• Savings: Subtract any savings your family would use to pay expenses. You can include retirement savings, or leave it out of your analysis if your beneficiaries want to preserve that amount for retirement years.
  • College savings: If you have an account with money in it for your children, you can subtract it from your life insurance needs.
  • Funeral expenses: Many people want life insurance to cover funeral and final expenses. If this cost isn’t part of a larger policy, some people buy burial insurance.

Get Help

There’s help available, such as advisors who can give you the crucial big picture and recommend life insurance types and amounts.

Other Methods for Calculating Life Insurance Needs

You may run across other methods for calculating how much life insurance you need. These usually include:

Multiply Your Income by 10

Or by 5. Or by 17. This rule of thumb is hard to pin down. We’ve seen many numbers attached to it. And it likely won’t help you pin down an appropriate amount of life insurance. Better to look at your total needs and subtract the assets your family could use if you passed away.

The DIME Method

DIME stands for debt, income, mortgage and education. The method has you add up these amounts:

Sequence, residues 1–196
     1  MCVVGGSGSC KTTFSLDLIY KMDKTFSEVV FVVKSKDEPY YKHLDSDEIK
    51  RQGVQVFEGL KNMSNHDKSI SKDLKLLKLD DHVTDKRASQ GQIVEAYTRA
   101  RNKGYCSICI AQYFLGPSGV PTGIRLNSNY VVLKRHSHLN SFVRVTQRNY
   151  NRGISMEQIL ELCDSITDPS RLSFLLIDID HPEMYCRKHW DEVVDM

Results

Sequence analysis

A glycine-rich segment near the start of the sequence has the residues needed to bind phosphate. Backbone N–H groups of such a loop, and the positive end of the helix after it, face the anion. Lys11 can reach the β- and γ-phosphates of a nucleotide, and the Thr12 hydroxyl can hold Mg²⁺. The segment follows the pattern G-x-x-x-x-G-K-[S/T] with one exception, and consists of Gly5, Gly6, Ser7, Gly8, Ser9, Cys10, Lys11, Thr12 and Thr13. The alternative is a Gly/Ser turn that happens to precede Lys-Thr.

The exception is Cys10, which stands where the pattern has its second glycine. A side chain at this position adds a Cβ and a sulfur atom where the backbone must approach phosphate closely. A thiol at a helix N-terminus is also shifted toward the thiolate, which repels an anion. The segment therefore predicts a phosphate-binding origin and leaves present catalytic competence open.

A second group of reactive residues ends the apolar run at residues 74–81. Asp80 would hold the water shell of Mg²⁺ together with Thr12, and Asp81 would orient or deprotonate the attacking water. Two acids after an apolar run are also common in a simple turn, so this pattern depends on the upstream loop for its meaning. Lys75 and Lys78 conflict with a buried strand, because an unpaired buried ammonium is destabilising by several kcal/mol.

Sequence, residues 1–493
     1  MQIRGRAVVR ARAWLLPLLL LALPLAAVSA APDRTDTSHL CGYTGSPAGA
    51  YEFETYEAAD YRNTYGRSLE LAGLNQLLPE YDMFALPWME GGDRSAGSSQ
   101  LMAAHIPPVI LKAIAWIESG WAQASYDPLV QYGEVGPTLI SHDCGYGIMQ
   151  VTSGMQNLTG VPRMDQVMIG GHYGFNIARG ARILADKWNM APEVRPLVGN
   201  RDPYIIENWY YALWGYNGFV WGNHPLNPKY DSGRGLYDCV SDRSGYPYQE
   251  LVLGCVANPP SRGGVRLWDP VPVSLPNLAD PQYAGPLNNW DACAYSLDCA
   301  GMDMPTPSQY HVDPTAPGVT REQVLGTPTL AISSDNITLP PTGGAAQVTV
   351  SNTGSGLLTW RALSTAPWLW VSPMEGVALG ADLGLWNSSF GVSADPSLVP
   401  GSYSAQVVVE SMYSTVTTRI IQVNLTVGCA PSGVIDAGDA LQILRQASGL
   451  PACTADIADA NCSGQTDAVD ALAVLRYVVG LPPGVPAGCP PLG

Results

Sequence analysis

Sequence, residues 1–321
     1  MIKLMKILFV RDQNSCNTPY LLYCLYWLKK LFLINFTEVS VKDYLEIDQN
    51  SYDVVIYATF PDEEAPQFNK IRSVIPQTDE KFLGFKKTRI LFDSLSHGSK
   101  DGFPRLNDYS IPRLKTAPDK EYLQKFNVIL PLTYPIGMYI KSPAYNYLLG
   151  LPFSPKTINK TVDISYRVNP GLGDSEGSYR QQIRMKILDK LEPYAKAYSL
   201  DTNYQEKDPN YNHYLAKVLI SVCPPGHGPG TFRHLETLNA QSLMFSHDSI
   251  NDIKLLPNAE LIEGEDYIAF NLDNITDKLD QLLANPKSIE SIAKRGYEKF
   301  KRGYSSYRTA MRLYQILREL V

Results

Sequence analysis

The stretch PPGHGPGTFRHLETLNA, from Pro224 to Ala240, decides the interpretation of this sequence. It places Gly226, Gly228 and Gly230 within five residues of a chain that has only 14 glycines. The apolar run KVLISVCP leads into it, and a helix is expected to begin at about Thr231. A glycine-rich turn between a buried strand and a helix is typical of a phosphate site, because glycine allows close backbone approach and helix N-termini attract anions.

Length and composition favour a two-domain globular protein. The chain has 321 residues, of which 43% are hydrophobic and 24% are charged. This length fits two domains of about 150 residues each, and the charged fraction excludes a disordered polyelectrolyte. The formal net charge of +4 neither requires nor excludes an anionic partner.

• Debt: How much debt would you leave to other people? This could include credit card debt and student loans that aren’t forgiven at death.
  • Income: Multiply your income by the number of years you want to provide income replacement for your family. Some sites advise using the number of years until your youngest child turns 18, but we all know that kids often need financial help longer than that.
  • Mortgage: Add your mortgage balance to your running total.
  • Education: Add an amount that covers tuition, room and board for each of your children who will go to college.

The DIME method is a good start for calculating a life insurance need, but it ignores existing financial resources that your family might tap for expenses. By itself, it could leave you over-insured.